Calambra Olive Oil (a)
16 Pages Posted: 21 Oct 2008
Frank Lockfeld, president and founder of Calambra Olive Oil, must decide how many gallons of oil to buy for the 1994 vintage year even though the first-year marketing experiment for his fledgling business has barely begun. This case describes the history of the company and the current situation, including Lockfeld's assessments of landing Neiman Marcus and Williams-Sonoma catalog sales, of 1993 retail sales through specialty shops, and of 1994 retail sales, which are tied to the 1993 outcome. See also the B (UVA-QA-0442) and C (UVA-QA-0551) cases.
CALAMBRA OLIVE OIL (A)
Frank Lockfeld pushed his chair back from the table and surveyed the remains of the meal he had spent the afternoon preparing. After an appetizer of roasted peppers with caramelized garlic accompanied by a crisp 1982 Roederer champagne, he and his guests sat down to a main course of his own devising, designed to take advantage of the light, yet intense, flavor of Calambra olive oil. In the chicken breasts Calambra, he used fresh lemons, thyme, garlic, shallots, cherry tomatoes, and parsley (all from his garden), 16 green and 16 black olives, and five tablespoons of Calambra olive oil. (A collection of Lockfeld's Calambra recipes is presented in Exhibit 1.) With the chicken, Lockfeld served fresh zucchini (also from his garden) and a shitake mushroom risotto, complemented by a superb 1986 Chalone Chardonnay Reserve. This course was followed by an endive salad with his own special vinaigrette—balsamic vinegar, fresh lime juice (from the tree in his garden), freshly ground pepper, and the 1993 vintage Calambra olive oil. Lockfeld took another sip of the Chalone and gazed into its rich amber depths, while strains of Mozart's Piano Concerto no. 20 in D Minor played in the background. Turning to his wife, B. J., and friends Marv and Linda White, he said:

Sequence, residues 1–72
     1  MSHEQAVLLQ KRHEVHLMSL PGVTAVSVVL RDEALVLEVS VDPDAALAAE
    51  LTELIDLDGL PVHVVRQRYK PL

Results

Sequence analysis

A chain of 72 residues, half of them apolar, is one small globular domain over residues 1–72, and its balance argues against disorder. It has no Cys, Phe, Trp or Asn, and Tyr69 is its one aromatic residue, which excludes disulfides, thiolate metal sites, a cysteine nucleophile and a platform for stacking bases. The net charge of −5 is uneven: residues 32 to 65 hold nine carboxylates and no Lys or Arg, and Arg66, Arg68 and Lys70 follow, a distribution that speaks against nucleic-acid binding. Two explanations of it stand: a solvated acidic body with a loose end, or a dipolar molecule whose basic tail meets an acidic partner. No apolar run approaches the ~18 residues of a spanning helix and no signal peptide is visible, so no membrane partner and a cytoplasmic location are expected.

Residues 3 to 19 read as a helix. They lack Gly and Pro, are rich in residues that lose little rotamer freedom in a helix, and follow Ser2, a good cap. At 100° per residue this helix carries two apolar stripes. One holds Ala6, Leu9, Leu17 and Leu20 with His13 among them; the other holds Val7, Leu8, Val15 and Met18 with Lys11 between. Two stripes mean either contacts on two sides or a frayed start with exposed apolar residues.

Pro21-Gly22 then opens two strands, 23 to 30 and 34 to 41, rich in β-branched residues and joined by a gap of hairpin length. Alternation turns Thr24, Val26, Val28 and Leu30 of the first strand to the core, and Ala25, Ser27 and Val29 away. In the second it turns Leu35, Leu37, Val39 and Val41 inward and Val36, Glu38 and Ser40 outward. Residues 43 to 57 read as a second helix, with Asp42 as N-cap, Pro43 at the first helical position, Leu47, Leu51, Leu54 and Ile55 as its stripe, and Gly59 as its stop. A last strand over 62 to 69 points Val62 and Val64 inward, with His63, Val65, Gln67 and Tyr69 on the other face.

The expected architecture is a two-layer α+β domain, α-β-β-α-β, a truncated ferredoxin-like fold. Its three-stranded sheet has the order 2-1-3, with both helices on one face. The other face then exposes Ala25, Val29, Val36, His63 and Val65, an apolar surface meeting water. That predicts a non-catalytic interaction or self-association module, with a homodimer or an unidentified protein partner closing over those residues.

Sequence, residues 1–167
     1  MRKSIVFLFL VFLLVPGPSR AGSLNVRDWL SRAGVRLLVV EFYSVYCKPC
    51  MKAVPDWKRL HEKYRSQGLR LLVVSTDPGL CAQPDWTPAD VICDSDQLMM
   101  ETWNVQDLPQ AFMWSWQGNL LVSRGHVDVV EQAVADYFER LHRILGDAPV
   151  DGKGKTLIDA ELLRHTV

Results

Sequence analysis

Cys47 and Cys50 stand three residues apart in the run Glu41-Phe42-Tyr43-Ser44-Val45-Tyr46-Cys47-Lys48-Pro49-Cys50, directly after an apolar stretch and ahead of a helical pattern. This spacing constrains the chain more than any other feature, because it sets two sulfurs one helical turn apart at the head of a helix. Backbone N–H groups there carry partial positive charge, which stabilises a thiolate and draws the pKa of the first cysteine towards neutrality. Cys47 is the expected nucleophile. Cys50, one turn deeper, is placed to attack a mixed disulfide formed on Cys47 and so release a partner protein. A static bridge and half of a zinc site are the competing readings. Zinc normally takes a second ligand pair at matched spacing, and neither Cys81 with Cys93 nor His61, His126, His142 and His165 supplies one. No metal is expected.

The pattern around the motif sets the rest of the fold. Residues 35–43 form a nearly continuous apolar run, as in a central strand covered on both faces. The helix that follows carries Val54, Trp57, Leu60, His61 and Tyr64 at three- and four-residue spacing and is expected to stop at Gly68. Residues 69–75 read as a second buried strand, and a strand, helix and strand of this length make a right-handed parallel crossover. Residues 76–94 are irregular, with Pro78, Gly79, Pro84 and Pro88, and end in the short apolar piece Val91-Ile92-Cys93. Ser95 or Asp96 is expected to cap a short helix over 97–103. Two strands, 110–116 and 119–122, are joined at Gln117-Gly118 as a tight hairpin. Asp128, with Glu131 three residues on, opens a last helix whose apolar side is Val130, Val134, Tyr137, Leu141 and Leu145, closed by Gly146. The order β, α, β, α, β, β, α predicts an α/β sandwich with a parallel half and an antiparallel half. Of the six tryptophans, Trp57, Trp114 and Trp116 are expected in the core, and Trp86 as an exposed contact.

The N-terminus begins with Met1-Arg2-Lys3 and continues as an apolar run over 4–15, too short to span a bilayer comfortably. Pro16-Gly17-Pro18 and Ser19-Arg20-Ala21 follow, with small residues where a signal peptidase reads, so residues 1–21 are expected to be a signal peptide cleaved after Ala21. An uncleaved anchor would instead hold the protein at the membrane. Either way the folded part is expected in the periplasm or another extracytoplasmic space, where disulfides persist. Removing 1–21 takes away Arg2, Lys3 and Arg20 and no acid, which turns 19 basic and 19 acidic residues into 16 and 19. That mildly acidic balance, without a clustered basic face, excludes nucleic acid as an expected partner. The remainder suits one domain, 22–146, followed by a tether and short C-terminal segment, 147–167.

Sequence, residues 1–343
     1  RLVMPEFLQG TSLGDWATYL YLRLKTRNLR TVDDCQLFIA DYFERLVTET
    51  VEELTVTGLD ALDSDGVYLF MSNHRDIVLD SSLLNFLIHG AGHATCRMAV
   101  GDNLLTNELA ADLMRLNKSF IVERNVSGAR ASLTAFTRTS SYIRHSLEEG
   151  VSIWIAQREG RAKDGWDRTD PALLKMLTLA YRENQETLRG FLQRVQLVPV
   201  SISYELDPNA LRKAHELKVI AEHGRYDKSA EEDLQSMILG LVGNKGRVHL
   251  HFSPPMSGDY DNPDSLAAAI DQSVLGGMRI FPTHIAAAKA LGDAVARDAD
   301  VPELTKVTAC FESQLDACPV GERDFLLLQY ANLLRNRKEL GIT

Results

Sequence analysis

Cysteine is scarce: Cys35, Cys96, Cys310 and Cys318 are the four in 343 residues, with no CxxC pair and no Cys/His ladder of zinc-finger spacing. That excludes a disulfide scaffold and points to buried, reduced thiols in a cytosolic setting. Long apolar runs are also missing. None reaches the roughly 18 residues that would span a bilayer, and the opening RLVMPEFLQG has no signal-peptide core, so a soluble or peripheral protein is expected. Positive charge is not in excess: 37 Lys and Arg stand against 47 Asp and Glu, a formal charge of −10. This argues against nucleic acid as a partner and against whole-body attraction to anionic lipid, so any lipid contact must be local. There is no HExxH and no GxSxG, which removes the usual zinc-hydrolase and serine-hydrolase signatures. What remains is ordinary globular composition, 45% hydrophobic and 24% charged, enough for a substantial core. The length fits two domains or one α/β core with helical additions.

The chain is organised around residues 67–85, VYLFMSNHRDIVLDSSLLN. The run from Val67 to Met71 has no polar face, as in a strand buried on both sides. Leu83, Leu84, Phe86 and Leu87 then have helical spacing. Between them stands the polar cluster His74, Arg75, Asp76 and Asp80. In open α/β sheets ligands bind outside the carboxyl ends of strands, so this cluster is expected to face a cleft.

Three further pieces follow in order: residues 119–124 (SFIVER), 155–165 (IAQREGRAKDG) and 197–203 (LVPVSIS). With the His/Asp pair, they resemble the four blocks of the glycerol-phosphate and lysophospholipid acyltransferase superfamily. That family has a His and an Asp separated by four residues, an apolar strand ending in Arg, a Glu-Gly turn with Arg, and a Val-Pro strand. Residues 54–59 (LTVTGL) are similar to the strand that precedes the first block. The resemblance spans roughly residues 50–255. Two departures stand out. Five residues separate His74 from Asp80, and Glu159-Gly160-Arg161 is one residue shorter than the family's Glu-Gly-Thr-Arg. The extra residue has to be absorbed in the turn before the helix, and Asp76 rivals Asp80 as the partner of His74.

How am I supposed to decide how many gallons of olive oil to order for next year? It's only the beginning of August, and we've just begun the first selling season. It was only three months ago, late last April, that we bottled the first crop of Calambra olive oil. This was supposed to be our test year. That's why we bought only 800 gallons of the 1993 vintage oil; if we can't sell that much, we probably don't have a business. Now it seems we have to make the decision about the 1994 crop before we have any real idea about how this experiment is going to turn out.
What's more—sales so far have been disappointing. But, it's been only three months. We're hoping for a big jump in sales when the retail shops stock up in anticipation of holiday buying. Also, there's the possibility that we'll sign contracts with Neiman Marcus and Williams-Sonoma for inclusion in their holiday catalogs. Inclusion in either would provide a real boost to sales. But the fact remains: so far, we've shipped only 24 cases.
Sometimes, I'm very optimistic and tempted to order 3,000 gallons, as originally planned for year two. This is, after all, the best-tasting olive oil on the market. But at other times, I'm concerned that sales may never materialize. I have visions of standing in front of the warehouse filled to the brim with leftover cases of 1993 bottles just as a big truck pulls up with this huge 1994 shipment.
. . .
Keywords: decision theory, simulation, spreadsheet
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Calambra Olive Oil (a)
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